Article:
Australia Comes from Behind to Win Espirito Santo Trophy
Australia, with a combined 141 from Minjee Lee and Su Oh in the final round, came from seven strokes behind Canada to win the 2014 Women’s World Amateur Team Championship (WWATC) at 29-under-par 547 at Karuizawa 72 Golf East’s Iriyama Course.
Australia team members Shelly Shin (left), Minjee Lee and Su Oh lift the Espirito Santo Trophy in Japan.
(Copyright IGF/Steven Gibbons)
“They never thought they were out of it but they were close to possibly being out of it,” said Australian captain Matt Cutler. “We had a really slow start to the week with an even par round at Iriyama (Wednesday) and we thought we might have too much work to do. But, it was the fastest start you could ever see coming.”
Australia, which won the Espirito Santo Trophy for the third time, took the lead through six holes of the final round as Lee, No. 1 in the Women’s World Amateur Golf Ranking™, was 4 under through five holes on an eagle and two birdies and Oh was 3 under with three birdies.
Lee, 18, who was tied for 22nd at the 2014 U.S. Women’s Open, finished with an eagle and five birdies for a 65 while Oh, who is No.6 in the WAGR™, tallied six birdies for a 66. Neither recorded a bogey. Shelly Shin, a semifinalist at the 2014 U.S. Girls’ Junior, posted a non-counting 72.
The Australians broke the mark for a final-round comeback of three strokes, which was set by their countrymen in 2002 in Malaysia. Their 72-hole total of 547 was one stroke shy of Korea’s record-low in 2010 and their final-round 141 is second-best all-time.
“We talked last night that if you broke it down as an individual and you were three or four strokes down through 54 holes, you could give yourself a chance,” said Cutler. “And, we were seven down so that’s how we approached it.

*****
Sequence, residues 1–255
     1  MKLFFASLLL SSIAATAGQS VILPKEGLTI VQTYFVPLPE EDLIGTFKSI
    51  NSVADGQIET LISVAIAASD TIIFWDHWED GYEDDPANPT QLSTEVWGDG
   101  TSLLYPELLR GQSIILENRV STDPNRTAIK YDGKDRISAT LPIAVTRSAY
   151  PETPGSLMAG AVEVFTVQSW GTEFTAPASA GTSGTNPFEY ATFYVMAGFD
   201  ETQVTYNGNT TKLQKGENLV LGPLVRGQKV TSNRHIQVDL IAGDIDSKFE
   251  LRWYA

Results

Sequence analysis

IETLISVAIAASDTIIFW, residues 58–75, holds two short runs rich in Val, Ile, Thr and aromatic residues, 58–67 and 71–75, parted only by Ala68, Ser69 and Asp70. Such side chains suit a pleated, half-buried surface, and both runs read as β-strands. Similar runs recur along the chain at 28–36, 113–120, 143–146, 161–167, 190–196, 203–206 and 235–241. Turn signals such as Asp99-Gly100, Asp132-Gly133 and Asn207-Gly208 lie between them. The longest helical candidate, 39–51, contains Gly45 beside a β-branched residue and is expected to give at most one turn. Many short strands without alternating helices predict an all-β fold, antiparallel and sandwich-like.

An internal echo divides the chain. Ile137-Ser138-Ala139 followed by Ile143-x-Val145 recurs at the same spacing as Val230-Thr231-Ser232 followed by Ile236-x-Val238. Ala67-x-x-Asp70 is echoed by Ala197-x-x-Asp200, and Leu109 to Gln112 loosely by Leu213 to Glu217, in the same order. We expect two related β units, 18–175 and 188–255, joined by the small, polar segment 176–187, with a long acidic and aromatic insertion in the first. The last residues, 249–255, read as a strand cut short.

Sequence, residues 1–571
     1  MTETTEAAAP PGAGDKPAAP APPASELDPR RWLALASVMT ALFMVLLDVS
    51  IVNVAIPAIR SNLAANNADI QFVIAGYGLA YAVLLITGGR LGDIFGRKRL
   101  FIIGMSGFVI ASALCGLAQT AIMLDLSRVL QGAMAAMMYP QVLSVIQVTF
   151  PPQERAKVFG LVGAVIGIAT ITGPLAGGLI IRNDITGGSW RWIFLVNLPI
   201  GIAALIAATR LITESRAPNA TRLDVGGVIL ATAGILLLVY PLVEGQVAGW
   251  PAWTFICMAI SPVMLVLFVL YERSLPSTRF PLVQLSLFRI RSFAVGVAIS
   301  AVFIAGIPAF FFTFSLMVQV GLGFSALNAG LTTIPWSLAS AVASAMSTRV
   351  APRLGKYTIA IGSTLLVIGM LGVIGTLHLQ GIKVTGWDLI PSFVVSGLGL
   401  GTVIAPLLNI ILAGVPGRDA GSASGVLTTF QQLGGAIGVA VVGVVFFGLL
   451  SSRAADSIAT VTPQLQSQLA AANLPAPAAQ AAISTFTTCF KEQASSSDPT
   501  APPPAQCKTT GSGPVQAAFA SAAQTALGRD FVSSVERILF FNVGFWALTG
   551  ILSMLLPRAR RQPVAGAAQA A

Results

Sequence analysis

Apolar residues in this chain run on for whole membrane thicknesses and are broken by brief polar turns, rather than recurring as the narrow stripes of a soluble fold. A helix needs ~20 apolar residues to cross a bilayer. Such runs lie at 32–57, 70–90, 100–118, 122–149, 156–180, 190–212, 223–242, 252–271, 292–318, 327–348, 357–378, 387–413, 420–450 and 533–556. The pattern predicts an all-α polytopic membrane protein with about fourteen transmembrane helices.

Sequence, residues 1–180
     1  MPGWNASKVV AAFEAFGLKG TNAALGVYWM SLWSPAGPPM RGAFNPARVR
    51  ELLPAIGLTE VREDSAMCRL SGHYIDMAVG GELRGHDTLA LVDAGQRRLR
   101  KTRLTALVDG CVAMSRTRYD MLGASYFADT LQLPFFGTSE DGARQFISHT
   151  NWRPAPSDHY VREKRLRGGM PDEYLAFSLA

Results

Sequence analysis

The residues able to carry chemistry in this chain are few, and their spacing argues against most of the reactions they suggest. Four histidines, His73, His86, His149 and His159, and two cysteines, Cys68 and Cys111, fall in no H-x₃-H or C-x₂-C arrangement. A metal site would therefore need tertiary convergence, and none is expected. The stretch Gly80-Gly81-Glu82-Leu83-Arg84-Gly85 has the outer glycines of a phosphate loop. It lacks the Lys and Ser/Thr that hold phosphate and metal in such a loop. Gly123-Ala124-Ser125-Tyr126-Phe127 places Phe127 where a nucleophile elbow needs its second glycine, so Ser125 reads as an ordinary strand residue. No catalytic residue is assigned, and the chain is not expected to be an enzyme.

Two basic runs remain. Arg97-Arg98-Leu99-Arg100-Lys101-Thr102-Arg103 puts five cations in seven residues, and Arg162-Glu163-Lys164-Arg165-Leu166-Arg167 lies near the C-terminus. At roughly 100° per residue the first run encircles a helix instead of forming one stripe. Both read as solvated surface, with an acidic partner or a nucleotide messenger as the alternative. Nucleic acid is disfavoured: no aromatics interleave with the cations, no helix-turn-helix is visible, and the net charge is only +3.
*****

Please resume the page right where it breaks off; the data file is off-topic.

The winner of the 2014 Victorian Open and Australian Amateur, Lee was playing in her second WWATC.
“I wanted to make it this something to remember,” said Lee, who won the 2012 U.S. Girls’ Junior. “I have matured so much in two years and I wanted this to be a priceless experience for everyone.”
With scores of 64 in the third round and 65 in the final round, Lee fueled the Australian move up the leaderboard on both days. They moved from 12th to fourth in the third round and fourth to victory in the final round.
Canada, which led on each of the first three days and was vying for its first WWATC win, placed second at 27-under 549 behind the outstanding play of WAGR™ No.2 Brooke Henderson. It was Canada’s fourth silver medal. The Republic of Korea, which won the title in 2010 and 2012, finished third at 550.
“Australia had a great round today, I was really impressed,” said Henderson, who finished tied for 10th at the 2014 U.S. Women’s Open and was runner-up at the 2014 U.S. Women’s Amateur. “They have very skilled players, including two in the top 10 in the world rankings, which is unbelievable. It’s a little disappointing to finish second but overall we had a really great week and played really well as a team.”
Although there is no official recognition, Henderson led the individual standings at 19-under 269, which breaks the WWATC mark of 274 set by Lydia Ko in 2012.
Denmark finished fourth at 556, followed by Sweden and the USA tied for fifth at 557, Mexico in seventh at 560, England and host Japan tied for eighth at 562 and the Philippines in 10th at 563.
The Women’s World Amateur Team Championship is a biennial international amateur competition conducted by the International Golf Federation (IGF), which comprises 137 national governing bodies in 141 countries. The competition, which is being held for the 26th time, is rotated among three geographic zones: Asia-Pacific, Americas and Europe-Africa.
This year’s event is hosted by the Japan Golf Association. The teams play for the Espirito Santo Trophy. The IGF is the international federation for golf for the International Olympic Committee and will conduct the Olympic golf competition in Rio de Janeiro in 2016. In each round, the total of the two lowest scores from each team constitutes the team score for the round. The four-day (72-hole) total is the team’s score for the championship.
For the final round, the top half of team scoring played the Iriyama Course and the other half played Oshitate.